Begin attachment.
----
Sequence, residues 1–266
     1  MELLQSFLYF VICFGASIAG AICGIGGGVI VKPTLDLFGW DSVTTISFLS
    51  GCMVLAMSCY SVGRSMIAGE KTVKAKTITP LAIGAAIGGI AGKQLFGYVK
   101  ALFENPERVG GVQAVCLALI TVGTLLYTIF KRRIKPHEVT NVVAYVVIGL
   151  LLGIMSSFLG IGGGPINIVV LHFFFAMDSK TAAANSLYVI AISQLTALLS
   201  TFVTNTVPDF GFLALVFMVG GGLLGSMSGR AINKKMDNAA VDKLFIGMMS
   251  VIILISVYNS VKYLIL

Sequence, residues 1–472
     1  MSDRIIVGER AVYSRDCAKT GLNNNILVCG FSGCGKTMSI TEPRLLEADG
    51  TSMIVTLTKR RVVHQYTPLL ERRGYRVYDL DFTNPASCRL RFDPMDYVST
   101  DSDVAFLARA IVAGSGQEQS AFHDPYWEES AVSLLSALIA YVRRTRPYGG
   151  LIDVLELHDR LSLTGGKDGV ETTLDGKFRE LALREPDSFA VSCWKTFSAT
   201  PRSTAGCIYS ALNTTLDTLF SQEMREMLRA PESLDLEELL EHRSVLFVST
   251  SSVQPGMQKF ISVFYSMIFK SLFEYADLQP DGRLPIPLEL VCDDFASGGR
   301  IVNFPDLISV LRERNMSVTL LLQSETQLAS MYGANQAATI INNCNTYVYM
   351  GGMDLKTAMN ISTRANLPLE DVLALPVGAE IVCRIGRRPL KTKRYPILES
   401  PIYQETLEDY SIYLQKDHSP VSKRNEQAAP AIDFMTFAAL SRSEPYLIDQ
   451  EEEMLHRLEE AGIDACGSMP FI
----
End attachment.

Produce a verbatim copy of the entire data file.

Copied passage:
Sequence, residues 1–266
     1  MELLQSFLYF VICFGASIAG AICGIGGGVI VKPTLDLFGW DSVTTISFLS
    51  GCMVLAMSCY SVGRSMIAGE KTVKAKTITP LAIGAAIGGI AGKQLFGYVK
   101  ALFENPERVG GVQAVCLALI TVGTLLYTIF KRRIKPHEVT NVVAYVVIGL
   151  LLGIMSSFLG IGGGPINIVV LHFFFAMDSK TAAANSLYVI AISQLTALLS
   201  TFVTNTVPDF GFLALVFMVG GGLLGSMSGR AINKKMDNAA VDKLFIGMMS
   251  VIILISVYNS VKYLIL

Sequence, residues 1–472
     1  MSDRIIVGER AVYSRDCAKT GLNNNILVCG FSGCGKTMSI TEPRLLEADG
    51  TSMIVTLTKR RVVHQYTPLL ERRGYRVYDL DFTNPASCRL RFDPMDYVST
   101  DSDVAFLARA IVAGSGQEQS AFHDPYWEES AVSLLSALIA YVRRTRPYGG
   151  LIDVLELHDR LSLTGGKDGV ETTLDGKFRE LALREPDSFA VSCWKTFSAT
   201  PRSTAGCIYS ALNTTLDTLF SQEMREMLRA PESLDLEELL EHRSVLFVST
   251  SSVQPGMQKF ISVFYSMIFK SLFEYADLQP DGRLPIPLEL VCDDFASGGR
   301  IVNFPDLISV LRERNMSVTL LLQSETQLAS MYGANQAATI INNCNTYVYM
   351  GGMDLKTAMN ISTRANLPLE DVLALPVGAE IVCRIGRRPL KTKRYPILES
   401  PIYQETLEDY SIYLQKDHSP VSKRNEQAAP AIDFMTFAAL SRSEPYLIDQ
   451  EEEMLHRLEE AGIDACGSMP FI